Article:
It’s not even fun anymore. Since we last landed humans on the Moon in December, 1972, nine US presidents have announced plans to return. Only Barack Obama didn’t make that declaration. During the most recent such speech on the Fourth of July in 2019, with TV cameras rolling, Donald Trump grandly told the celebrated Apollo flight director Gene Kranz, “I want you to know that we’re going back to the Moon very soon – and someday soon, we will plant the American flag on Mars.”
They all naturally envied the grandeur accrued to John Kennedy when he made his famous “Go to the Moon and do all those other things. . .” speeches in 1961 and 1962, even if the editor in me still winces that his speechwriters hadn’t cut out that weak “do all those other things” section. Anyway, Kennedy, unlike the others, actually backed up his plan with Congressional money. As for space-travel speeches, the best was probably Reagan’s commemoration of the Challenger tragedy when he said the astronauts had “slipped the surly bonds of Earth to touch the face of God.”
Doing better than Kennedy’s team, Reagan’s celebrated speechwriter, Peggy Noonan, didn’t even have Reagan mention or credit poet John Magee, Jr. or the fact that those words were lifted verbatim from his poem “High Flight.”
Speeches or no, aren’t you a bit dizzy from the repetitive announcements that have never gone anywhere? When the final Apollo crew returned, the world’s science writers and journalists believed NASA that the US would have put people on Mars by one decade hence, meaning sometime in the 80’s. When that didn’t happen, NASA’s officially changed the date to 2000. Then to 2020. Nowadays, NASA says they expect to have people walking on Mars in the 2030’s. It’s always 15 to 20 years in the future. Meanwhile, they still promise the Moon. Last week the newest announcement had a twist: the next lunar astronauts will include people of color.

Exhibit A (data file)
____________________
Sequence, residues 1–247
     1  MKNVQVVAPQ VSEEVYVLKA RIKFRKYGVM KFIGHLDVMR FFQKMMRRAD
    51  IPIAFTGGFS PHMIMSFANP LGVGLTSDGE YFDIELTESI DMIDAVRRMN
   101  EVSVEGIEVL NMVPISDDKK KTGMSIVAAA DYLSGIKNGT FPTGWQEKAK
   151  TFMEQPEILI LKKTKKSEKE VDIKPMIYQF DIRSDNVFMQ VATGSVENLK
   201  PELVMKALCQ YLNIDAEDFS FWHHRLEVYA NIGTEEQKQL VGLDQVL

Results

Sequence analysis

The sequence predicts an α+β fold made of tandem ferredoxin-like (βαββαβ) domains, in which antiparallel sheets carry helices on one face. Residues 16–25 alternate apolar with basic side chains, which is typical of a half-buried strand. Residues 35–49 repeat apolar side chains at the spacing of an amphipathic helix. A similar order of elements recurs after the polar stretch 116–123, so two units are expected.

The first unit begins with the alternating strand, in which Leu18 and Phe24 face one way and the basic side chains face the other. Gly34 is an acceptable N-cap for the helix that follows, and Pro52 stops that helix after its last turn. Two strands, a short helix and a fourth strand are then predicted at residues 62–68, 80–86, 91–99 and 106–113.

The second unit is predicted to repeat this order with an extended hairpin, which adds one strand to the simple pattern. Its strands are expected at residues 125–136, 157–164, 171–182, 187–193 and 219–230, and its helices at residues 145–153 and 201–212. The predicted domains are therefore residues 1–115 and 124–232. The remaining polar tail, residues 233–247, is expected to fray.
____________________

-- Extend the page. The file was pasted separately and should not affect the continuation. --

Want to know why it hasn’t happened and why it won’t happen in your lifetime?
1. It’s too expensive. Especially Mars. The US just can’t come together to raise so much money.
2. The Moon suffers from been-there, done-that. Can anyone name the second team to summit Everest? The TV networks didn’t even live-stream Apollo 12 because they knew after the previous safe landing and return, few cared enough to watch. It took the near-deaths of Apollo 13 to create interest in Apollo 14. The NASCAR thing.
3. The remaining science questions are too nerdy. Once we learned the lunar surface supported spacecraft without collapsing, and had 842 pounds of Moon rocks to analyze, the residual unanswered questions are insufficiently sexy. I ache to know why lunar rocks have a near-identical oxygen isotope ratio to our own — it’s illogical and makes the Moon’s origin bewildering. But good luck getting the public to care.
Anyway, we’ve got a new president and another Apollo anniversary coming in a few months. Will he join the crowd and promise us the Moon? My guess is that this record has finally gotten too old to play.